Archaeologists to reconstruct 5000 year old Giant's Quoit
Sunday 20th October 2013
Archaeologists are to finally start work on reconstructing Giant’s Quoit, a Stonehenge-like structure built 5,000 years ago by early man living near Camborne.
Following three years of fund raising the ancient scheduled monument is being restored with final excavations taking place between October 21 and 31 with an open day scheduled for the 27th.
“Weather permitting we anticipate the erection of the first support stone, or orthostat, during the morning of 31st October,” said Pip Richards, director of the Sustainable Trust.
The Sustainable Trust, which owns the field, known as Cromlech Parc or Frying Pan Field, has £55,000 funding to carry out the work, which has been approved byEnglish Heritage.
New Stonehenge visitor centre to open on 18th December
Monday 30th September 2013
English Heritage announced today that the first phase of the long-awaited improvements to the setting and visitor experience of Stonehenge will be launched to the public on Wednesday, December 18.
Visitors will be welcomed at a new visitor building, located 2.1km (1.5 miles) to the west of Stonehenge.
For the first time ever at the site, they will be able to learn more about this complex monument in a stunning, museum-quality permanent exhibition curated by English Heritage experts.
A 360-degree virtual, immersive experience will let visitors ‘stand in the stones’ before they enter a gallery presenting the facts and theories surrounding the monument through various displays and nearly 300 prehistoric artefacts.
The archaeological finds on display are on loan from the Salisbury and South Wiltshire Museum, the Wiltshire Museum in Devizes, and the Duckworth Collection, University of Cambridge. All were found inside the World Heritage Site and many are on public display for the first time.
Stonehenge visitor centre unveiled
Thursday 26th September 2013
Pondering the enigma of the imposing stone circle that stands on Salisbury Plain early in the 17th century King James I commissioned his architect general, Inigo Jones, to prepare a report on the stones’ condition and their origins. Jones concluded that only the Romans could have built such a sophisticated structure, backing up his case with crisp drawings of the stones in a pre-ruinous state, while dismissing the ancient Britons as savages incapable of building such 'stately structures’.
Four hundred years later much the same questions are still being asked about Stonehenge. Who built it? What was it for? But in more recent years the focus has been how best to preserve the stones and protect them from the modern-day savagery of the motor-car and mass tourism.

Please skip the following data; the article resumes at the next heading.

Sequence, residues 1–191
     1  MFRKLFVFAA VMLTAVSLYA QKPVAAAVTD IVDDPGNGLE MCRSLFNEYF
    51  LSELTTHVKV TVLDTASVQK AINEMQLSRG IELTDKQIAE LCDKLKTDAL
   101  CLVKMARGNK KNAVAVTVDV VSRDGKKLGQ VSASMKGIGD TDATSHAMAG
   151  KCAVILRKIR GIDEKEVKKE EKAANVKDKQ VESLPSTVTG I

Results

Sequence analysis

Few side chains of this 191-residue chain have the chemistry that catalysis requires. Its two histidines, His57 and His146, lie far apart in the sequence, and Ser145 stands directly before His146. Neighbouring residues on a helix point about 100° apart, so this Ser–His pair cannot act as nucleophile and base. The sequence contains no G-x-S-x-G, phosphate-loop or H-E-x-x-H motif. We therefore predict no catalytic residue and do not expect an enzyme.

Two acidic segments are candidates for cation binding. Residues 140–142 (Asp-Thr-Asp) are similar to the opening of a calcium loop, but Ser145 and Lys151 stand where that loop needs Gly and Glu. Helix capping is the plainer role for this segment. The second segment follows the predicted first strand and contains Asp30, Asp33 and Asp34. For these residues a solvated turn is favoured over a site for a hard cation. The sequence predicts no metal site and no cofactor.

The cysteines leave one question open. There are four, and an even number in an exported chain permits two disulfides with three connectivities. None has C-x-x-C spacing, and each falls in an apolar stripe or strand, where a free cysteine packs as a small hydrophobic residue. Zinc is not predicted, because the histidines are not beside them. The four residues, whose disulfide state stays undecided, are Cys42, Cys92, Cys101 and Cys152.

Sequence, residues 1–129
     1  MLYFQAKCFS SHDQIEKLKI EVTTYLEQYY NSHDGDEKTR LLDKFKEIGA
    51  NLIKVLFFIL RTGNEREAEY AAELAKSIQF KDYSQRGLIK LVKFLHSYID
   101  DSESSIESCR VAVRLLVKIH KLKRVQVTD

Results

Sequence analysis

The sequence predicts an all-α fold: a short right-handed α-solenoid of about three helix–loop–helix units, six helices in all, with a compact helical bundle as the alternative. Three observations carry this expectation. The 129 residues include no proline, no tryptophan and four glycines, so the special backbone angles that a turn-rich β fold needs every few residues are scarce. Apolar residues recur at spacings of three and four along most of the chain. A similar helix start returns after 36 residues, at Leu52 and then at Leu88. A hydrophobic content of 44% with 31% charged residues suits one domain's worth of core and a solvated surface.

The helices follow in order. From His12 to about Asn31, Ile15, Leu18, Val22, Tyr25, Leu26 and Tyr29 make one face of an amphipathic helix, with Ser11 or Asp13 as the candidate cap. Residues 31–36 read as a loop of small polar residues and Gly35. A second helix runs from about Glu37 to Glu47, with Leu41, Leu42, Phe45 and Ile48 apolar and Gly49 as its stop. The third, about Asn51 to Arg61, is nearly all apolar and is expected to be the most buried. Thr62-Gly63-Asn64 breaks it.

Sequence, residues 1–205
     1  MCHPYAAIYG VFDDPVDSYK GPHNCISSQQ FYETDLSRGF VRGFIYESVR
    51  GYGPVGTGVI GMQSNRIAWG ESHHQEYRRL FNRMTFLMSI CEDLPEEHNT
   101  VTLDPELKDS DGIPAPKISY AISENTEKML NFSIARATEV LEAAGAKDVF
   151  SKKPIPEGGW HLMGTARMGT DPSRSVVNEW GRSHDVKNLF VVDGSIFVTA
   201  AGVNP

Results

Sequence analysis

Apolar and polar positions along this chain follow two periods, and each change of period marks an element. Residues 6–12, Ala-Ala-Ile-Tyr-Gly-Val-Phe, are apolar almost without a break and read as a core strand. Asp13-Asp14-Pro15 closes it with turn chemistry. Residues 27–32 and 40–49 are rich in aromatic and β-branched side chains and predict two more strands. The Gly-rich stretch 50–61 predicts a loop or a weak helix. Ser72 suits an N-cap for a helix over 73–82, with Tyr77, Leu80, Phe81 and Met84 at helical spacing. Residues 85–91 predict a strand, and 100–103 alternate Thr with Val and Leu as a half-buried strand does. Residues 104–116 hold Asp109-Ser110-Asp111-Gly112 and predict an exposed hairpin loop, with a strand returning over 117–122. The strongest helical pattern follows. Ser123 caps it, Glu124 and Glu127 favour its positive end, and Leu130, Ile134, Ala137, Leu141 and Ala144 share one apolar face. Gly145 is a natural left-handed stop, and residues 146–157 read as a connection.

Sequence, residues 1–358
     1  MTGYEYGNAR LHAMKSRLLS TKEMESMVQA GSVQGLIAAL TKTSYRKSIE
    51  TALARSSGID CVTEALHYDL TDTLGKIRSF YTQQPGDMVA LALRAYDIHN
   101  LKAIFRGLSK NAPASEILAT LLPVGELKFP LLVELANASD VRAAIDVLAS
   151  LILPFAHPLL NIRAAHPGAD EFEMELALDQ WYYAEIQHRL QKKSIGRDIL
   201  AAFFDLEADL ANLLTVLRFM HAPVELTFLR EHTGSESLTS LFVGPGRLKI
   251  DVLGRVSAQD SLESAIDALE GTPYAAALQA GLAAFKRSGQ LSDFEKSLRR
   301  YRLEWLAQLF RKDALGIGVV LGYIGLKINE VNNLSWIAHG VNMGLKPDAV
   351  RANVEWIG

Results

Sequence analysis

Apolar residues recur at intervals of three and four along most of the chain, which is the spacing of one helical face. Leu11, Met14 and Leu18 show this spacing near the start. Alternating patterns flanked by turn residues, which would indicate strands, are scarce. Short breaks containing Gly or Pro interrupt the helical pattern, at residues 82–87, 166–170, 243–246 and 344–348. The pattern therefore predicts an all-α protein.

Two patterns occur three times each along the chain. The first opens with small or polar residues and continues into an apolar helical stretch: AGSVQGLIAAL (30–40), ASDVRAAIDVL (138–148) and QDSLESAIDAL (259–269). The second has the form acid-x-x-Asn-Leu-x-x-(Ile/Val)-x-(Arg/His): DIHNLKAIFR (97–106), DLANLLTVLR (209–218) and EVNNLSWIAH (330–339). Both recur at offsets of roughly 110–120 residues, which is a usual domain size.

Stonehenge is perhaps the most famous Neolithic site in the world, drawing thousands of visitors each day. A Unesco World Heritage Site, it is a 'must-see’ monument, part of the identity of Britain itself. But as the site’s fame has grown over the centuries, the question of how to deal with all these visitors while protecting the stones themselves, and their surroundings, has become ever more taxing.
The current visitor centre – little more than a collection of portable buildings and lavatories arranged around a car-park – was built in 1968 and was barely adequate even then. 'Stonehenge has been a national humiliation,’ Simon Thurley, the chief executive of English Heritage, guardians of the stones since 1984, says. 'I think it’s really extraordinary that the only man-made structure in Britain that is instantly recognisable, from Patagonia to Serbia and beyond, has been treated as though it was a motorway service station.’ But now, after decades of controversy and failure to find an answer to the 'Stonehenge problem’, it looks as if a solution, or at least a partial solution, has been found.
New tomb and passage found at Newgrange
Wednesday 11th September 2013
ARCHAEOLOGISTS who discovered a new passage tomb near Newgrange want it declared a national monument.
Using light detection and ranging imaging known as LiDar, an underground passageway and several other previously undetected features have been discovered near the river Boyne, Co Meath, on private land south-west of Newgrange.
The LiDar imagery showed a mound with a circular enclosure, while further work involving new technologies, known as magnetic radiometry and resistivity, unveiled a definite passage, leading northeast out of the newly discovered tomb.
Dig confirms Stonehenge built on solstice axis
Monday 9th September 2013
English Heritage says it has discovered a "missing piece in the jigsaw" in our understanding of Stonehenge, England's greatest prehistoric site. Excavations along the ancient processional route to the monument have confirmed the theory that it was built along an ice age landform that happened to be on the solstice axis.